SEOUL -- South Korea on Tuesday unveiled $133 billion of post-coronavirus spending in what President Moon Jae-in called a "K-New Deal," echoing the term used by U.S. President Franklin Roosevelt for the programs to pull his country out of the Great Depression in the 1930s.
Under the plan, South Korea will invest 160 trillion won ($133 billion) to create 1.9 million jobs by 2025 in the digital and green sectors.
Moon said Tuesday that the initiative will be the starting point for the country to lead the post-coronavirus world with its advanced technology and efficient medical infrastructure. He praised the country's measures to contain COVID-19 -- daily local cases tend to be under 30.
"The K-New Deal is the architect to design the Republic of Korea's new century," Moon said in a speech. "With the two pillars of a digital new deal and a green new deal, we will move ahead as a leading country riding the wave in the world history."
The pandemic has battered South Korea's export-reliant economy. In June, the country's shipments overseas dropped 10.9% to $39.2 billion from a year earlier, although the fall was narrower than the previous month's 23.6%. The nation's economy contracted 1.3% in the first quarter.
The government selected 10 key projects for the digital and green economy. One is a "data dam," which aims to establish infrastructure for collecting and trading big data for use in finance, environment and transportation services. Other programs include artificial intelligence government, green energy and eco-friendly future mobility.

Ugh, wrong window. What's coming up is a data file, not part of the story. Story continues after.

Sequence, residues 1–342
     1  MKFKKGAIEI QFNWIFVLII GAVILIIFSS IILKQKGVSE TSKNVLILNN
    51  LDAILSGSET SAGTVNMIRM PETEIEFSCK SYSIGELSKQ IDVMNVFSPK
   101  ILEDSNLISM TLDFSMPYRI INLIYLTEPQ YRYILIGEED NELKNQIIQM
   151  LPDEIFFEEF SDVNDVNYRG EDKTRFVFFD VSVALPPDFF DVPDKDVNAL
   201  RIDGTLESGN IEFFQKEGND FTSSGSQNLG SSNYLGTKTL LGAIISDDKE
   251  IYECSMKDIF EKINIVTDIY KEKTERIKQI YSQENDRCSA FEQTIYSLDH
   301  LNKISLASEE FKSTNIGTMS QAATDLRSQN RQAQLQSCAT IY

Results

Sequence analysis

The government also plans to establish large-scale onshore wind power complexes, and is looking at up to 13 candidate locations. For the eco-friendly future mobility project, the government aims to increase sales of electric vehicles by 1.1 million units over the next five years.
But environment activists are disappointed with the plan, saying the government is doing things by halves. They have accused the administration of being a climate villain for investing in overseas coal power projects.
"To stop the climate crisis, the government should cut carbon emissions to half of the current level by 2030 as well as make it net-zero by 2050. With no plan and road map for this, the plan is just half of a green new deal," said Justin Jeong, a campaigner at Greenpeace.
South Korea is not the only country talking about "new deals."
Late last month, U.K. Prime Minister Boris Johnson unveiled his version of Roosevelt's program. He promised to "build build build" in setting out plans to accelerate 5 billion pounds ($6.3 billion) of spending on infrastructure projects.